I think I just need a plan to get through this?

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Aquarium Advice Newbie
Oct 11, 2020
Hi folks, first post here, got back into fish keeping when quarantine started and made a mess, now I need to figure out how to fix it.

I've scoured the web and tackled many problems, but I just cannot get my tank under control. I need help formulating a plan and making sure I'm back on the right path.

I have an RO/DI system coming in a month, but I need to keep things stable until then.


40 Gallon breeder, filled June 24th
2x 25 gallon sponge filters running off of a 60 gallon air pump.
18 inch Planted 24/7 light running for - 3hrs 10%W 10%B 10%R 0%G, 6hrs 100%WRBG, 3hrs 10%W 20%R 10%B 10%G, 12hrs off.
Heater set and reading at 75ºF on both sinking thermometer and sticker thermometer.
No CO2, only fertilization was root tabs and fish poo, I used Seachem flourish for a week when I thought things were stable but it just fed algae so I stopped.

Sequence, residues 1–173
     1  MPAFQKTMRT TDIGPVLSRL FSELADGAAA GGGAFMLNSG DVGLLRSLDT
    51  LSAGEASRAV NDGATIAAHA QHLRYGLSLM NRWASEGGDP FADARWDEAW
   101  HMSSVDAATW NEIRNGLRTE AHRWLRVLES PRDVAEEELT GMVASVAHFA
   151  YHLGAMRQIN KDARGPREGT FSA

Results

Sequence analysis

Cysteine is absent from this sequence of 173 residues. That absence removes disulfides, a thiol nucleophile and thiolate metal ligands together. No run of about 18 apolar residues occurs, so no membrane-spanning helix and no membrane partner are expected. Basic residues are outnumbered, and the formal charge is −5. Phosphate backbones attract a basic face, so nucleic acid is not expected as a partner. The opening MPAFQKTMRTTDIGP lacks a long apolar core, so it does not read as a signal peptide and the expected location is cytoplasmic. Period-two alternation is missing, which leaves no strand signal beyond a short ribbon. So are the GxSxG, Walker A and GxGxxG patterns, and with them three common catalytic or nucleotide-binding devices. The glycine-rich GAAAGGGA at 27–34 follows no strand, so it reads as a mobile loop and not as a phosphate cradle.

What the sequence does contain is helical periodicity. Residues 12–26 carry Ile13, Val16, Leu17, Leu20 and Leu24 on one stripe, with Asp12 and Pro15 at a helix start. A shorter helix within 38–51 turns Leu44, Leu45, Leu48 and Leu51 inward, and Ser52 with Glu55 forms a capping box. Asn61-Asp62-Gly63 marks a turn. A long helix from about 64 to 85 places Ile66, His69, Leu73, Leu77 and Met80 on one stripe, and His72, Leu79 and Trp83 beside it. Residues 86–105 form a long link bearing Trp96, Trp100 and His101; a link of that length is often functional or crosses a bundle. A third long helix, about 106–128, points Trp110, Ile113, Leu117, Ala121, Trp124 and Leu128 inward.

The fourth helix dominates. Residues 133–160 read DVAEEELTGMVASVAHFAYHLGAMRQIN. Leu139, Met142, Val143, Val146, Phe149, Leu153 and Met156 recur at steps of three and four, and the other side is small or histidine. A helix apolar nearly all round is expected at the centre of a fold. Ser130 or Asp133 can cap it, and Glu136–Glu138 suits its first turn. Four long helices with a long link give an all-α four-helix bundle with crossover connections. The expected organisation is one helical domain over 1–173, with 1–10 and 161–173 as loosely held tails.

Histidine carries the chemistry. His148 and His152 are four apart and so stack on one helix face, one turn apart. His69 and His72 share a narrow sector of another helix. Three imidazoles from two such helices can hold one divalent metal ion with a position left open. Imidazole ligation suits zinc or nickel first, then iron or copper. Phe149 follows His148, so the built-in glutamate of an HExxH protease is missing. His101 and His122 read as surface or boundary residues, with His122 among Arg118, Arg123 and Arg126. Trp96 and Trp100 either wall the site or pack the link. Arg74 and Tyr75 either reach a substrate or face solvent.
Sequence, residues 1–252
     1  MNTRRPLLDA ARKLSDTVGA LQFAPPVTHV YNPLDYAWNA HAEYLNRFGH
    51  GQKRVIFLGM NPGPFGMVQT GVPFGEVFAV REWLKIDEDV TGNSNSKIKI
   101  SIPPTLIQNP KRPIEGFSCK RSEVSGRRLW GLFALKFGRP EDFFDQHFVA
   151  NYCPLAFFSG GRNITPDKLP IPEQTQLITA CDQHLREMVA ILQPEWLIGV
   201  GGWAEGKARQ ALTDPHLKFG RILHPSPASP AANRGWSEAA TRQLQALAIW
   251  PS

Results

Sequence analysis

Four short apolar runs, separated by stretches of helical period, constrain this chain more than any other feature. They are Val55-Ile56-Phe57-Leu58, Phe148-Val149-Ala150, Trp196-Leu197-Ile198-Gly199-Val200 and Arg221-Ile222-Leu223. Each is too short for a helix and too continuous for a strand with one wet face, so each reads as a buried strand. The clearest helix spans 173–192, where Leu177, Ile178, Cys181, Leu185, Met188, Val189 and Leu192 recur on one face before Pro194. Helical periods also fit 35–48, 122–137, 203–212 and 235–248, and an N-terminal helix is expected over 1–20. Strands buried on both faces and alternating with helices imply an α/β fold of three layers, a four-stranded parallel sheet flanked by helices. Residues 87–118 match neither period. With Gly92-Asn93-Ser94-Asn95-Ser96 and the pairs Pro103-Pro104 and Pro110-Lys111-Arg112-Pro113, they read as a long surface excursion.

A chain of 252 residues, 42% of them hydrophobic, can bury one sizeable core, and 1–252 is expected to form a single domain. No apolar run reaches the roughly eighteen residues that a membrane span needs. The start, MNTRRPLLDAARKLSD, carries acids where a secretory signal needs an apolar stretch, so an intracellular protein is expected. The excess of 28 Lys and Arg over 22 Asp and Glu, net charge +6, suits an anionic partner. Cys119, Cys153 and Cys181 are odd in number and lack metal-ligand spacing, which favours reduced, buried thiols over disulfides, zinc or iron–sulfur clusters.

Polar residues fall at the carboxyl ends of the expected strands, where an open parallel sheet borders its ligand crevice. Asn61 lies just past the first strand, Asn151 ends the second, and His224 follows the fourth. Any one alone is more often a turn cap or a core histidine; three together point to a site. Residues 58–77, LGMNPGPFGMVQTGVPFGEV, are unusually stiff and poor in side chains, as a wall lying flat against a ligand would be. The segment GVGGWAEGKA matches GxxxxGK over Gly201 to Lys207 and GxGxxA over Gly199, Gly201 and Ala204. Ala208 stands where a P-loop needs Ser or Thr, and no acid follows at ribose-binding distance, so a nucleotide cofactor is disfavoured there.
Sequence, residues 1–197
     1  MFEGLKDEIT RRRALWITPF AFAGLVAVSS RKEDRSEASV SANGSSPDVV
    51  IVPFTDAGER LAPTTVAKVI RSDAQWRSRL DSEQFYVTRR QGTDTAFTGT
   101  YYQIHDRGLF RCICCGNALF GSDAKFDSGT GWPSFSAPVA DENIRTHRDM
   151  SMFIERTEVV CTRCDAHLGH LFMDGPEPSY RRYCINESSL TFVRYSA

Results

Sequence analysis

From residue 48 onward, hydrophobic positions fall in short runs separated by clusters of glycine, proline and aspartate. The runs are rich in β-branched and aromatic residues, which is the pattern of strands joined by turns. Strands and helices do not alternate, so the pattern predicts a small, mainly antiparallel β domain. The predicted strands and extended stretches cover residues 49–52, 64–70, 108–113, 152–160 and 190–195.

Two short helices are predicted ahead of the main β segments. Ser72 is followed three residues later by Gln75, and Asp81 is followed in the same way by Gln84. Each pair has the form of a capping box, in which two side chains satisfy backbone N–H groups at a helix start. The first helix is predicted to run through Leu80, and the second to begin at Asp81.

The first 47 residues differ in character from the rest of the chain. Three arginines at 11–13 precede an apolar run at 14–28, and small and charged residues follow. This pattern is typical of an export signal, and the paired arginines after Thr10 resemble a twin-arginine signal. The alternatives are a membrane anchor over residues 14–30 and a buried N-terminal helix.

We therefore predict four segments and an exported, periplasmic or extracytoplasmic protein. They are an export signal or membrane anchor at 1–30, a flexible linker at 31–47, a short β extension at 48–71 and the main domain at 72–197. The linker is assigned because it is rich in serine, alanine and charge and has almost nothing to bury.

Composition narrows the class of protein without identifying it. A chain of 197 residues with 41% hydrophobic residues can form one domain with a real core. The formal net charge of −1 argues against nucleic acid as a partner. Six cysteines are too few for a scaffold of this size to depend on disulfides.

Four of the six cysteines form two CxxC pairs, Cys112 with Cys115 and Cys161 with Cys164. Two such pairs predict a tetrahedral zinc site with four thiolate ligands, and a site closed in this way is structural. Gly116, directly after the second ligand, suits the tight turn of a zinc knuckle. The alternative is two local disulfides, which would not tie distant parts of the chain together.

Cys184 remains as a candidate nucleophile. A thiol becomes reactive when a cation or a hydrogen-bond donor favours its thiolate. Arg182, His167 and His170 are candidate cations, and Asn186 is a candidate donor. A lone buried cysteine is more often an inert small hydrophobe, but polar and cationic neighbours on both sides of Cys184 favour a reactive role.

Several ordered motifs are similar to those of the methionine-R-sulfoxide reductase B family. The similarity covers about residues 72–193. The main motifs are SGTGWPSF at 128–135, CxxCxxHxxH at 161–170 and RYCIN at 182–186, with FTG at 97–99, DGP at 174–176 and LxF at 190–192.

Substrate & Hardscape:

70% Caribsea Eco Complete 30% Sand. Mopani wood and driftwood, stone.
Water Parameters:
ph 8.0, KH 80, GH 120(I am aware that these are high but I live in a decent sized city with plenty of people in the hobby that don't use RO and only use water conditioner. Regardless I am getting an RO unit as mentioned.

Ammonia and Nitrites have consistently read 0 since July 19th. Nitrates hung in the 40s after I began stocking and normally read 5-10 since July 19th depending on the time of day I tested. I did test today and they all read solid zero including nitrates with both strips and a liquid test. However I just did a 50% water change on Friday and have not been feeding for about 4 days, I fed a pinch of first bites today and have not tested again after feeding.

Current Stocking: I am in Iowa and the Derecho storm on August 10th knocked out my power for a week so my stocking may seem a bit weird as that is when the tank became as bad as it is.

1 Assassin snail who seems to be doing his job with the bladder snails, the tank has a wide variety of plants that I can begin listing as needed, the snails do not bother healthy plants.
2 Red Cherry shrimp, 3 up until Thursday, started with 11, many vanished due to one of my many mistakes that we will discuss below.
2 Harlequin Rasboras. I started with 11 of these as well, I believe I lost some to multiple ich infections and the rest during the power outage.
9 Chili Rasboras